By tempering our arguments using watered down language, we will only find ourselves being swept along with the Progressive tidal wave and agenda, the advance will continue to be slow and steady, however, the negative outcome is still assured. Only speaking the truth forcefully provides any hope for reversing this trend. Mincing words and dancing around issues is not going to save the day. For this, you can rest assured.

    Steve’s approach and language is exactly what is needed at this time for this open Senate seat. The same advice goes for any other candidates wishing to run as well. Watering down your language and message will without a doubt assure a Republican loss in the upcoming election.

    Run hard to the middle and you will lose, not just the election but also the chance to ultimately help save the country…

  20. Question for Allison said at 1:53 pm on June 11th, 2013:

    Question for Allison – how many towns are going from Republican and Democratic partison elections to non-partisan elections? Not many… good try though… And don’t give me the retreads like Asbury Park, Jersey City, Hoboken, etc. How many are like that in the 53 towns in Monmouth? A few, maybe Avon, Monmouth Beach, Asbury, Keansburg? And if so, what year did they change to this format? Also, Faulkner Act does not mean non-partisan elections. Allison, you are confused…

  21. Reply to Question for Allison - Joe Foster said at 8:09 am on June 12th, 2013:

    In answer to your observations regarding partisan vs non-partisan municipal elections (November or May), Long Branch is another one that should be considered.

    It is a good example of how these non-partisan elections can (and should) work. Ever since 1994 (Clean Sweep Team) the composition of the mayor and council has been a constructive and until recently, balanced (politically speaking) mix of R’s, D’s and I’s.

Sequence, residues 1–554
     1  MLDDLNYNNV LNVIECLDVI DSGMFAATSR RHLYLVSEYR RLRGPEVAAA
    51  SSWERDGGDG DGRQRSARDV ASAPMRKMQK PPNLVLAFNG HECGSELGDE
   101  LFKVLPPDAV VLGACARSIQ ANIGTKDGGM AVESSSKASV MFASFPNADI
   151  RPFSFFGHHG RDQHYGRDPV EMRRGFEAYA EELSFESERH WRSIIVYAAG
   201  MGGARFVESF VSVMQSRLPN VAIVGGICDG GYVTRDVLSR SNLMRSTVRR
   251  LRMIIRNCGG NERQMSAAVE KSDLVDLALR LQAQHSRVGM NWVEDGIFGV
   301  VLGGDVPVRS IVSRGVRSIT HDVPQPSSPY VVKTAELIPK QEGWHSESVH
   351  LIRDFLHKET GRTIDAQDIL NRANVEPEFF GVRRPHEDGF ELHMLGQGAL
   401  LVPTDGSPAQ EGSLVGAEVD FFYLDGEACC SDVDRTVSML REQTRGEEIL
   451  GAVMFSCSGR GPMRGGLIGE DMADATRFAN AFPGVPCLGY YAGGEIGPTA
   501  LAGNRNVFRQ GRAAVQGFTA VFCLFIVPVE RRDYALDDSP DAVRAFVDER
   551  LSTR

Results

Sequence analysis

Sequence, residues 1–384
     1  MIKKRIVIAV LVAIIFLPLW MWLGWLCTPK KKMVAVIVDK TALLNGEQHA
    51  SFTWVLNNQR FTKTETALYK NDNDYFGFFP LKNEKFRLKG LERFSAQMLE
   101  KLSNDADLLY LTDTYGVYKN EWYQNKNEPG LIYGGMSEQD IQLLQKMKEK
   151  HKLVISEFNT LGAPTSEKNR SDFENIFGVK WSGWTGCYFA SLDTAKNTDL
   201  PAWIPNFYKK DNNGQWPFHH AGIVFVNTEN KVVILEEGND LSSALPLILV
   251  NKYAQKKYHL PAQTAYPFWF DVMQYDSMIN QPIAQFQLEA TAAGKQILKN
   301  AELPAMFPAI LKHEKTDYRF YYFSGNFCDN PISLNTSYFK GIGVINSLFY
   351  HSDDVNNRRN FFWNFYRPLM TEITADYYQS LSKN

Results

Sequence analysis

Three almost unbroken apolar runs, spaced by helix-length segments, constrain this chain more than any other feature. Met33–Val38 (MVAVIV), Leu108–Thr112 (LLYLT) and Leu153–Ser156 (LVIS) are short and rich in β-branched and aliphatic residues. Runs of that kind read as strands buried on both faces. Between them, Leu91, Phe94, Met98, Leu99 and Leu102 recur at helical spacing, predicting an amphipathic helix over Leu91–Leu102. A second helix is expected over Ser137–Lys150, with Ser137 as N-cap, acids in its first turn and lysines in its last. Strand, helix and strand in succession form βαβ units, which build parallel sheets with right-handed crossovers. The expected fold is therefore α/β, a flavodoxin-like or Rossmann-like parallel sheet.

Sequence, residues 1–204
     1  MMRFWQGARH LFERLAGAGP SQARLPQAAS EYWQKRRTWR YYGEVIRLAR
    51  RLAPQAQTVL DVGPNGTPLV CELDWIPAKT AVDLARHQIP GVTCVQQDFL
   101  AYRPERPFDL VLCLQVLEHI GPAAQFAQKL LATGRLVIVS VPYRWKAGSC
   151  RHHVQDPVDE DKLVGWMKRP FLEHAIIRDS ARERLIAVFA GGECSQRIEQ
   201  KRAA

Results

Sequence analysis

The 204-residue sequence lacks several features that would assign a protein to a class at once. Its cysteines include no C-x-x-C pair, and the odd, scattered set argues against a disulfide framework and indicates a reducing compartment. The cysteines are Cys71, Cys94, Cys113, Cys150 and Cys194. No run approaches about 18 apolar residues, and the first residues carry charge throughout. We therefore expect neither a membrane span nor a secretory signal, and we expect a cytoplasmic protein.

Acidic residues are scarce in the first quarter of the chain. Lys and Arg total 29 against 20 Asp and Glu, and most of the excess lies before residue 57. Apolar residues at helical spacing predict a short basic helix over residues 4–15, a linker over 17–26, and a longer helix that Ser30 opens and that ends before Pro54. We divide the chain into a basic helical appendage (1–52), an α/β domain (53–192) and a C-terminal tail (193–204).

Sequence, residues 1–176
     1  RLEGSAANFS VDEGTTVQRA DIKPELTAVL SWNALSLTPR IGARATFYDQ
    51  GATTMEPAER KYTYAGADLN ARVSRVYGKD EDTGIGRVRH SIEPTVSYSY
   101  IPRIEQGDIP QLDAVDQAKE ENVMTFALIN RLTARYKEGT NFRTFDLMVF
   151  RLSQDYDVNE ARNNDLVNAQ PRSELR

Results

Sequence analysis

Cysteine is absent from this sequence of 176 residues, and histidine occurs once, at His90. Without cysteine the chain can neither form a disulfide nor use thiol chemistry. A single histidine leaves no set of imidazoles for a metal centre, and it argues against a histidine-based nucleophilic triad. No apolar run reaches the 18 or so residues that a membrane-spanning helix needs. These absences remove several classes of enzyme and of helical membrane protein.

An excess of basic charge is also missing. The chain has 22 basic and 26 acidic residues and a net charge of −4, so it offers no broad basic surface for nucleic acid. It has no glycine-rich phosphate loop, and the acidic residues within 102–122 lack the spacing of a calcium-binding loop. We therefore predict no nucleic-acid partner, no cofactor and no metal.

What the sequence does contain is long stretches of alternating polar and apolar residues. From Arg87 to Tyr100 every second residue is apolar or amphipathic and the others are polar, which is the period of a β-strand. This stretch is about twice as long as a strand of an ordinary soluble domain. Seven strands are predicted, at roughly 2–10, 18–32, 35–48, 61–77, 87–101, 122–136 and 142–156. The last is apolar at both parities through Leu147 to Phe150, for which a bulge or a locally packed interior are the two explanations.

The point is, that form of government can and does work constructively. If you just want a partisan town approach, you will see many towns “swing deals” splitting the composition between R & D by simply not running a candidate in opposition.

    Basically same result right? One major difference from my perspective, if you have a Partisan election (November), you will have a focus that may be less on local issues and more on state and national (value neutral).

    The argument here is how and what do you want to focus on, Local or National and is one better than the other. You tell me.

  22. MoreMonmouthMusings » Blog Archive » What the Eck! said at 9:53 am on June 19th, 2013:

    […] Lonegan could be that candidate, but so far he stubbornly refuses to be.  He is steadfast on attacking Obama when he should be attacking the problems/issues and offering conservative solutions. […]

  23. MoreMonmouthMusings » Blog Archive » Lonegan’s Own Words said at 9:26 am on August 19th, 2013:

    […] Clearly and despite his vow not to change his rhetoric last Tuesday night, Lonegan has adjusted his rhetoric to increase his appeal to the general electorate.  He would have been wise to make that adjustment in June. […]